Proposal for ‘nationality by investment’ to boost Egypt economy
A proposal to grant Egyptian citizenship to investors who contribute large sums of money has been suggested
A proposal to grant Egyptian citizenship to investors who contribute large sums of money has been suggested this week to improve the country’s economy. The proposal, which is yet to be presented to the Egyptian government, aims to generate much needed funds to support Egypt’s economic recovery.
The project, proposed by Sameh Sedki, the head of the Arab Union for Direct Investment, will grant citizenship to a man, his wife and all his children under the age of 15 in exchange for $250,000.
“The amount will be transferred to the fund Finance the Construction of Egypt (Sandouq Tamweel Benaa Masr). I think it’s a reasonable price for both parties,” Sedki told Al Arabiya News.
The amount required could increase in the future depending on the economic situation, he added.
Another factor in the proposal is to offer citizenship to foreigners who deposit either $3.5 million for five years, or $5 million for three years, with no interest. The investment would be refunded in Egyptian pounds.
“The liquidity made available by these investors will help boost the economy,” Sedki said, adding that it would also generate jobs.
Investment in schools, universities or hospitals in disadvantaged areas is another way suggested to gain citizenship.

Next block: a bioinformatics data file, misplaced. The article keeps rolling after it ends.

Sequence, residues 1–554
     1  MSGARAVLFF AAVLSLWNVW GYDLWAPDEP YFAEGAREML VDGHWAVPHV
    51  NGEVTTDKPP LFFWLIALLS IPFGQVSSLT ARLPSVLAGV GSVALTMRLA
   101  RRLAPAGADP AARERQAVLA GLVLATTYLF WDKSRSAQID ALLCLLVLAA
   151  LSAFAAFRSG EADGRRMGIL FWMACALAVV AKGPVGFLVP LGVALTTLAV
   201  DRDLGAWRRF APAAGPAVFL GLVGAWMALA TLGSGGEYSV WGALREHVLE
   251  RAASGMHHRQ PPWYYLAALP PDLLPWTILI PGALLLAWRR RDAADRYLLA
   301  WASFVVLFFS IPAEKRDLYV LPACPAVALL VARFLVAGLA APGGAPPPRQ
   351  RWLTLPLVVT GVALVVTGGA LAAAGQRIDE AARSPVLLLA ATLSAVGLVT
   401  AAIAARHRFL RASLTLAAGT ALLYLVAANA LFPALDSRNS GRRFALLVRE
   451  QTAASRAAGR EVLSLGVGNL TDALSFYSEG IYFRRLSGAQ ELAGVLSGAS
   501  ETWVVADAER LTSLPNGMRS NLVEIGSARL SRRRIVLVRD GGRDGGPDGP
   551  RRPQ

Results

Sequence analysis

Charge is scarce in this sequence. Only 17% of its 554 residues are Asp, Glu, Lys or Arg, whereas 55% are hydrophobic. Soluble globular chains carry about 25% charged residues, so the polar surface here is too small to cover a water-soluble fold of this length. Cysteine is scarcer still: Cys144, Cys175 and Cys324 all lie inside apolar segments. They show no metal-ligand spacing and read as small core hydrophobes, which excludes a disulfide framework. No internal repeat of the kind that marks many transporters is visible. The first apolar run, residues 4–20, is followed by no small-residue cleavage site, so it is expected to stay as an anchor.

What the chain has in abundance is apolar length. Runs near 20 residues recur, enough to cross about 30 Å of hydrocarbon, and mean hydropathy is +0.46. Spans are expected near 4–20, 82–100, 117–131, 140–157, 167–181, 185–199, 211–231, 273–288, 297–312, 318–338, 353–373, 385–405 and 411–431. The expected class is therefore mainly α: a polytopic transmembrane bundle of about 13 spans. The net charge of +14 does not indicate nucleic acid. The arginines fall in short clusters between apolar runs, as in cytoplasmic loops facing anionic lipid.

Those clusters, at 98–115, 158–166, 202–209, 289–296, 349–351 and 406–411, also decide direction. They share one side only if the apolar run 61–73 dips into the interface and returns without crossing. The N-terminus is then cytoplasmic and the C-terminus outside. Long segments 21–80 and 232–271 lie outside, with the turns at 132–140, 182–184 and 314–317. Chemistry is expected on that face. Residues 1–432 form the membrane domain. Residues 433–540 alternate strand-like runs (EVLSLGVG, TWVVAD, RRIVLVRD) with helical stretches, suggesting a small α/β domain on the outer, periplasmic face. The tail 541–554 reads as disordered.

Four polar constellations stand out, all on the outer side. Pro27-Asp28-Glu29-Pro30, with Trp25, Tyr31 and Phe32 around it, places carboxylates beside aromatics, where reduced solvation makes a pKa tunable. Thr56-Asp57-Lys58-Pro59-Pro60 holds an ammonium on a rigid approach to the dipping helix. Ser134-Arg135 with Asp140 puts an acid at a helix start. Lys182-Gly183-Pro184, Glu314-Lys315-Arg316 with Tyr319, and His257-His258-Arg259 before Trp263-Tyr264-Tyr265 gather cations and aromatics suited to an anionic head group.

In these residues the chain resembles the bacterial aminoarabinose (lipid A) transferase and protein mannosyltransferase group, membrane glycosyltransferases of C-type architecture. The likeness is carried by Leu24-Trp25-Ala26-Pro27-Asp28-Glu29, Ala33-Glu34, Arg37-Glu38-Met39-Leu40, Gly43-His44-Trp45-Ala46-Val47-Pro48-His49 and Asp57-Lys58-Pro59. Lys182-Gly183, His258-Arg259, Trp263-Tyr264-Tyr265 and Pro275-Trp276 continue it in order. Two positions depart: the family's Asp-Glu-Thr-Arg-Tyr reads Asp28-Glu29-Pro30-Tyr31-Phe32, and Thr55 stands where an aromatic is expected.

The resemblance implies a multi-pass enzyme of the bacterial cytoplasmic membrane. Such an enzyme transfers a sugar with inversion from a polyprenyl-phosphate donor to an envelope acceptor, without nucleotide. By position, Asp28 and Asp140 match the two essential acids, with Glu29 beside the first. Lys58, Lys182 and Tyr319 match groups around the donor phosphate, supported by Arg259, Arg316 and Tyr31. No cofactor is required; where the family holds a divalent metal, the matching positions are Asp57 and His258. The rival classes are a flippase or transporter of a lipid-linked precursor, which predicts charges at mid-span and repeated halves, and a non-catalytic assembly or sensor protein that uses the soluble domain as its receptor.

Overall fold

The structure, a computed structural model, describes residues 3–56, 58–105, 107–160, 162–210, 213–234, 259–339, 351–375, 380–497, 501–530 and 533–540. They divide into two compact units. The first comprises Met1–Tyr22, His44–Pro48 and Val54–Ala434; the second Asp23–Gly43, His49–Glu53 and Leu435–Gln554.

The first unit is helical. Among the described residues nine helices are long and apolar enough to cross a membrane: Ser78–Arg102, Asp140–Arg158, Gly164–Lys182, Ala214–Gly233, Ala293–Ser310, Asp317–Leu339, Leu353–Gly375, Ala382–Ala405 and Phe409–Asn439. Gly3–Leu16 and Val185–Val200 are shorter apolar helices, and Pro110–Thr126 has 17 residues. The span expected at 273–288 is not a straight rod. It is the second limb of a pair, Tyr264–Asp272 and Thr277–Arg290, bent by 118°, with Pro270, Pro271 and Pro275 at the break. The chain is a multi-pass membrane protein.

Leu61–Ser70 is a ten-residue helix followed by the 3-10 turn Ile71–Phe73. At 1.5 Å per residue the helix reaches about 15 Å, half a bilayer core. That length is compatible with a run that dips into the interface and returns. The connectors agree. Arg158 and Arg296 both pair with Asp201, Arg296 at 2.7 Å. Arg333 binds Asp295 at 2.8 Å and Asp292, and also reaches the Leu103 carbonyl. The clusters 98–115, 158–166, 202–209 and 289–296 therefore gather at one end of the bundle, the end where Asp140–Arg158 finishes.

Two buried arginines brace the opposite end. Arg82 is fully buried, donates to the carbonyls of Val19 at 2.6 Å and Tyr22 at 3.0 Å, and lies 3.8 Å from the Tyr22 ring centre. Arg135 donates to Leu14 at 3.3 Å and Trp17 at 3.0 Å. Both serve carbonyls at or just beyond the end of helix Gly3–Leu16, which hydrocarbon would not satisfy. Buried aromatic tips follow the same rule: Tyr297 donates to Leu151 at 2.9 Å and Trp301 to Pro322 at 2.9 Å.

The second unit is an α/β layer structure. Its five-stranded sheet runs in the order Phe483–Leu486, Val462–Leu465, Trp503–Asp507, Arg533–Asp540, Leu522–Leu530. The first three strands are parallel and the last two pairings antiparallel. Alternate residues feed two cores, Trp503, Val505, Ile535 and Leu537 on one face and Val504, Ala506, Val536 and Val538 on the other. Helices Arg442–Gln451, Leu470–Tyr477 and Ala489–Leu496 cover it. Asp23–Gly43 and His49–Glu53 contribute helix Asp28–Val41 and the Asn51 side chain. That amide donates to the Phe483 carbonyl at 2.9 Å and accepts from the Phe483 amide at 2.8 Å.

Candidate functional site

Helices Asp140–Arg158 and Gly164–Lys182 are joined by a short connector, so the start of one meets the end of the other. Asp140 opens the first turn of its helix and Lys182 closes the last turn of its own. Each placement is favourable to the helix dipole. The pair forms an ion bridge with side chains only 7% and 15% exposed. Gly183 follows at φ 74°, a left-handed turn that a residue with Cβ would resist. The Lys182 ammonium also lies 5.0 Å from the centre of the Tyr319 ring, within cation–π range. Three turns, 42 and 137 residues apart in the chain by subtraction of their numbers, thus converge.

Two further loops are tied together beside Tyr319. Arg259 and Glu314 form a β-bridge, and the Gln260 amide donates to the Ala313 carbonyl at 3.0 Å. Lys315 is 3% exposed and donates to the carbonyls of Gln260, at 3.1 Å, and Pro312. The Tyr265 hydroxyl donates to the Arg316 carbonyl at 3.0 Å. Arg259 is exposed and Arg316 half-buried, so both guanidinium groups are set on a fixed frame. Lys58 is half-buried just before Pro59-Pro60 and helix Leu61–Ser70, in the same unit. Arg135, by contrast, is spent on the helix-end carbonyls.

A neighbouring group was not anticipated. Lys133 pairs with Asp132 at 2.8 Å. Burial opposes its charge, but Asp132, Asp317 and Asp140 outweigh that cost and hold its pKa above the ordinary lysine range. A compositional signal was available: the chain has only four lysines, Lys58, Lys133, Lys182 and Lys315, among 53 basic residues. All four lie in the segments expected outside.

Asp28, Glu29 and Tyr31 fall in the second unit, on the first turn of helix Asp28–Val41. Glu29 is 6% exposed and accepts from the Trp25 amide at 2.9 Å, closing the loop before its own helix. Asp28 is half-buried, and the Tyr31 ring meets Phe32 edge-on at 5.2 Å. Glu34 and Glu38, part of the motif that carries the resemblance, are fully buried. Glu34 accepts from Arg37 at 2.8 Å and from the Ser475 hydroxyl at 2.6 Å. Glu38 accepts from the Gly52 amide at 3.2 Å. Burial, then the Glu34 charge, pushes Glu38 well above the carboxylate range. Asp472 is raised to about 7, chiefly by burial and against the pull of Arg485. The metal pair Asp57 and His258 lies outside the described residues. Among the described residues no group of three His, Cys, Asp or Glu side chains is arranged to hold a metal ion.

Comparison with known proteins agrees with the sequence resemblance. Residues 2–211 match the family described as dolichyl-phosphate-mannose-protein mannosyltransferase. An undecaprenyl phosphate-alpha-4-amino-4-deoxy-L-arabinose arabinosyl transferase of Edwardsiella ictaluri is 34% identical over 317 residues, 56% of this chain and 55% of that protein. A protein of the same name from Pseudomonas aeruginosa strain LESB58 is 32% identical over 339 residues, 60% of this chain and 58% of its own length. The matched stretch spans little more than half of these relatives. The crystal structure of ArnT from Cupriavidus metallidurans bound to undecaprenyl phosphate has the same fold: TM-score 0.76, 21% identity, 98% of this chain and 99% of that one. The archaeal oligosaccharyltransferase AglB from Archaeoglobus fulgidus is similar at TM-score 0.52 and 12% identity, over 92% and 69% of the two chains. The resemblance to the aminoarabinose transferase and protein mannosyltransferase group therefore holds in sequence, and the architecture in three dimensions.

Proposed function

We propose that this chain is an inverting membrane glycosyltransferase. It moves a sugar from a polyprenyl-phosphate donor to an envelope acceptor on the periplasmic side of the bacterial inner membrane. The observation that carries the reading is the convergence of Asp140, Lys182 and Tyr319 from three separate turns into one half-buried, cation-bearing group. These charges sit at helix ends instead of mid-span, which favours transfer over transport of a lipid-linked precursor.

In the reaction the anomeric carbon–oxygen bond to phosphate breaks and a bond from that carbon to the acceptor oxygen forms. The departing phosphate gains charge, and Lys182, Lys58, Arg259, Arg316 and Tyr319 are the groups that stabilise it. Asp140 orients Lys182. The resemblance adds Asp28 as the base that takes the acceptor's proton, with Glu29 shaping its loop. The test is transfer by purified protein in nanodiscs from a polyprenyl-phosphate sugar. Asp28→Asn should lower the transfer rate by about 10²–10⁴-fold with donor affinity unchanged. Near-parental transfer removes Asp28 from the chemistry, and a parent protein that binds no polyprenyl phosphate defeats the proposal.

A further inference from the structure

Locations and amounts payable are to be determined by the government, Sedki said.
All applicants will fill out a form and go through an approval process consisting of a full check on their economic, cultural and social statuses, conducted by a committee of seven to nine people, Sedki said.
However, no one affiliated with the Muslim Brotherhood, carrying an infectious disease, or from Israel are allowed to apply, he said.
The government has the right to reject any applicant without explanation, “like a visa,” Sedki said, adding that citizens with another nationality would be allowed to have both passports.
Sedki said he was expecting around 2 million applicants in the first month following the official announcement of the proposal.
He said some potential applicants are influential families already living in Egypt and running businesses in the country.
Explaining why investors might prefer to get Egyptian nationality instead of a European one, Sedki said taxes are lower and “the workforce in Egypt is much cheaper.”
Arab investors might be attracted by Egyptian citizenship as they share a similar language and culture, he added.
The project will be presented to the cabinet.
Sedki said he came up with the idea following calls from Austria and Malta asking him to acquire their citizenship in exchange for investments. He added that he only has an Egyptian passport.
European countries facing economic crises have in recent years launched similar initiatives.
The United States offers a residency permit in exchange for a $500,000 investment in a project that provides jobs for at least 10 people, or $1 million in the applicant’s own business.